Docker-logo

In August I wrote a blog post on the creation of tomcat images. Since then, Docker has evolved much, and so has my own knowledge of it. I’d like to update you on what I found to be a good way to manage container processes. After reading this article, I hope you will find good use of the Supervisor image that you can find in my repository on github.

The Docker command

One of the points that came up in aforementioned post was that Docker (only) supports running a single foreground process. We are generally accustomed to something like upstart to have services be initialized at start up, but Docker does not run anything by default, which may be somewhat unexpected if you start out with Docker. You have to specify the proces you want to run. This behavior is contrary to that of a virtual machine an the advantage is that this keeps the container as lightweight as possible. You can start the container specifying the command option at the end of the run command, e.g,

docker run ubuntu echo "hello world"

Alternatively, you can use the CMD directive in a Dockerfile to have Docker run a command by default. E.g. if you build the image hello_world_printer using

docker build -t "hello_world_printer" .

from the directory containing the Dockerfile

FROM ubuntu
CMD echo "hello world"

you would achieve  exactly the same by running

docker run hello_world_printer

Note that, since you can override the CMD directive command line, this really is a run time directive. Fun fact is that on a Linux container you could just invoke upstart and get much of the same behavior as a regular virtual machine.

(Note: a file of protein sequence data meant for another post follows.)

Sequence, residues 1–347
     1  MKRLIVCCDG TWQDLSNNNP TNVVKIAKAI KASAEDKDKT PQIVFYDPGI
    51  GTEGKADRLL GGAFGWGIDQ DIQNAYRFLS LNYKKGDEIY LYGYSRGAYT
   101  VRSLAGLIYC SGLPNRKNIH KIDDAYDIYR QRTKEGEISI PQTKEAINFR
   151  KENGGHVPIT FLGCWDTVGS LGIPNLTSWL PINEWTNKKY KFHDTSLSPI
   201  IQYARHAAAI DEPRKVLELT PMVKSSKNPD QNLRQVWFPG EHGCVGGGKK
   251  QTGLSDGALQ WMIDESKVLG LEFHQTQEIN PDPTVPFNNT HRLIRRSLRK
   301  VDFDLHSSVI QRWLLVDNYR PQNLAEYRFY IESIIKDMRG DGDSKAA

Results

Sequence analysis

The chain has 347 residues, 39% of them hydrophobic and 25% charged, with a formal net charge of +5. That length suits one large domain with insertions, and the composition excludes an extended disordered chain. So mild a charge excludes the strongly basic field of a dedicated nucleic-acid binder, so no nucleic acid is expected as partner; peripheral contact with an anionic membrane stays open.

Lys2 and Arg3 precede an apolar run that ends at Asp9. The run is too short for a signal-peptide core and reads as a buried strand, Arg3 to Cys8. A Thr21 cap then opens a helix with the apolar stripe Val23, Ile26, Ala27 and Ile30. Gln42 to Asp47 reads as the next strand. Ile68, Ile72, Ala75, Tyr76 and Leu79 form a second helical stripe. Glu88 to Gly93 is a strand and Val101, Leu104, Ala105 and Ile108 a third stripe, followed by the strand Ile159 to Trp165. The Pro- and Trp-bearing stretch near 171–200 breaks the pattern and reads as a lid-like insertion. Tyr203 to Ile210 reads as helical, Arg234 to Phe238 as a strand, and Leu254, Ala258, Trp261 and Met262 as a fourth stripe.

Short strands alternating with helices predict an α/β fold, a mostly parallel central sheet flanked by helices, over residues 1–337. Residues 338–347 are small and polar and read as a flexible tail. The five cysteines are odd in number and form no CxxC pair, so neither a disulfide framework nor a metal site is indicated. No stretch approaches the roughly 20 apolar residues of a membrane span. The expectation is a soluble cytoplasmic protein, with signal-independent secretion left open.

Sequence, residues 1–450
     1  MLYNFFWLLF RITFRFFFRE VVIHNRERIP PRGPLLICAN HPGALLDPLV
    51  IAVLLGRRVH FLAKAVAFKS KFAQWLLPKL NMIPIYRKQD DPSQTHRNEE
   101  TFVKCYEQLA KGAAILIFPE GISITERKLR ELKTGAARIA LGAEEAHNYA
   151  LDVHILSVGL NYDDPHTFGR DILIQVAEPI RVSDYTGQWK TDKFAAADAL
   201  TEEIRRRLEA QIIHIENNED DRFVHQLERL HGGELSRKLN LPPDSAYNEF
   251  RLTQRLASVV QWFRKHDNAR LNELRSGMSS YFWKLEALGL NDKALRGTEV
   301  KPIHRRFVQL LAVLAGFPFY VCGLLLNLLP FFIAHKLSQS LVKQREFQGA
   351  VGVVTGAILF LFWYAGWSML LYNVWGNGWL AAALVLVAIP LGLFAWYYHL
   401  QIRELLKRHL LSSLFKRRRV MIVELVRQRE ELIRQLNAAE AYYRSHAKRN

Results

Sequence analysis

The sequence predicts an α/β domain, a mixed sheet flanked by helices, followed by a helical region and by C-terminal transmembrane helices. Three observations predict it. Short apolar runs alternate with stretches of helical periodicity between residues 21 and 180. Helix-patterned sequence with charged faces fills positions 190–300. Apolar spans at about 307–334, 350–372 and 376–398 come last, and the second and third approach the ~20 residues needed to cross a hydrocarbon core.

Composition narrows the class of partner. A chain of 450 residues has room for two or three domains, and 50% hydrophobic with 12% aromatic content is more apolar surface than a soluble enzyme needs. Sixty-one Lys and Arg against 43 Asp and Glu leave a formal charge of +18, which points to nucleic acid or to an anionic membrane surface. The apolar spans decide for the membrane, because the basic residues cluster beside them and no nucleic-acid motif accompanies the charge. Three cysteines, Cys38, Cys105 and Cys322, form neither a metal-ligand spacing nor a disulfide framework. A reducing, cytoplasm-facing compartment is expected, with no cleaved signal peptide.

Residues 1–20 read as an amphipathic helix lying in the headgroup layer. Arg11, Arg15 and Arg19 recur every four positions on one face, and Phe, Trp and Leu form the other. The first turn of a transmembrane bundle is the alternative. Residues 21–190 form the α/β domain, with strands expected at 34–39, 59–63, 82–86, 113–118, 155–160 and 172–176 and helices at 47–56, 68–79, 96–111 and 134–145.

Running multiple commands

A common wish is to run multiple processes. E.g. an ssh server (to be able to connect to the running container) and your actual application. You could run the container with something like

docker run ... /usr/sbin/sshd && run_your_app_in_foreground

which might come in handy during development. Now, when the application process quits, the container is automatically shut down since that was our only foreground process. While you can fix that using /usr/bin/sshd -D the important point here is that setting up the initialization in the run command is not very neat. And, when your container becomes more complicated, the run command tends to grow.

So, to run more complicated containers, many people use complicated bash scripts. The bash script typically runs a foreground process and often spawns one or more (renegade) daemon processes. A major improvement of this approach over only using the Docker CLI is that the bash scripts are source controlled: the start-up scripts live in your Docker image, which is the new deliverable of you software project. Still, managing processes in bash scripts is simply no fun at all and prone to errors.

… using Supervisor

Supervisor-logo
A better way is to use Supervisor. Supervisor allows for better control of our processes: it is very simple and clear code; it can restart processes after a crash; it allows for restartable process groups and a command line or web interface to manage processes. Of course, with great power comes great responsibility: extensively using Supervisor features is a code smell indicating that you might be better off chopping up your image into several smaller ones.

Personally, I like how Supervisor allows me to cleanly code the process start-up. The clearest use case as I see it arises when child images expand the process set. For instance, if you often use SSH, it might be logical to have an SSH base image. In that case, implementing start-up of the SSH daemon in all the extending images is a form of code duplication. I’ll now show you what I found to be a good way to approach this.

The Supervisor base image

First of all, since I am now using Supervisor by default all my images extend from a base image containing only Supervisor and an updated version of Ubuntu. You can find the Dockerfile here. This base image contains a configuration file /etc/supervisor.conf:

[supervisord]
nodaemon=true

[include]
files = /etc/supervisor/conf.d/*.conf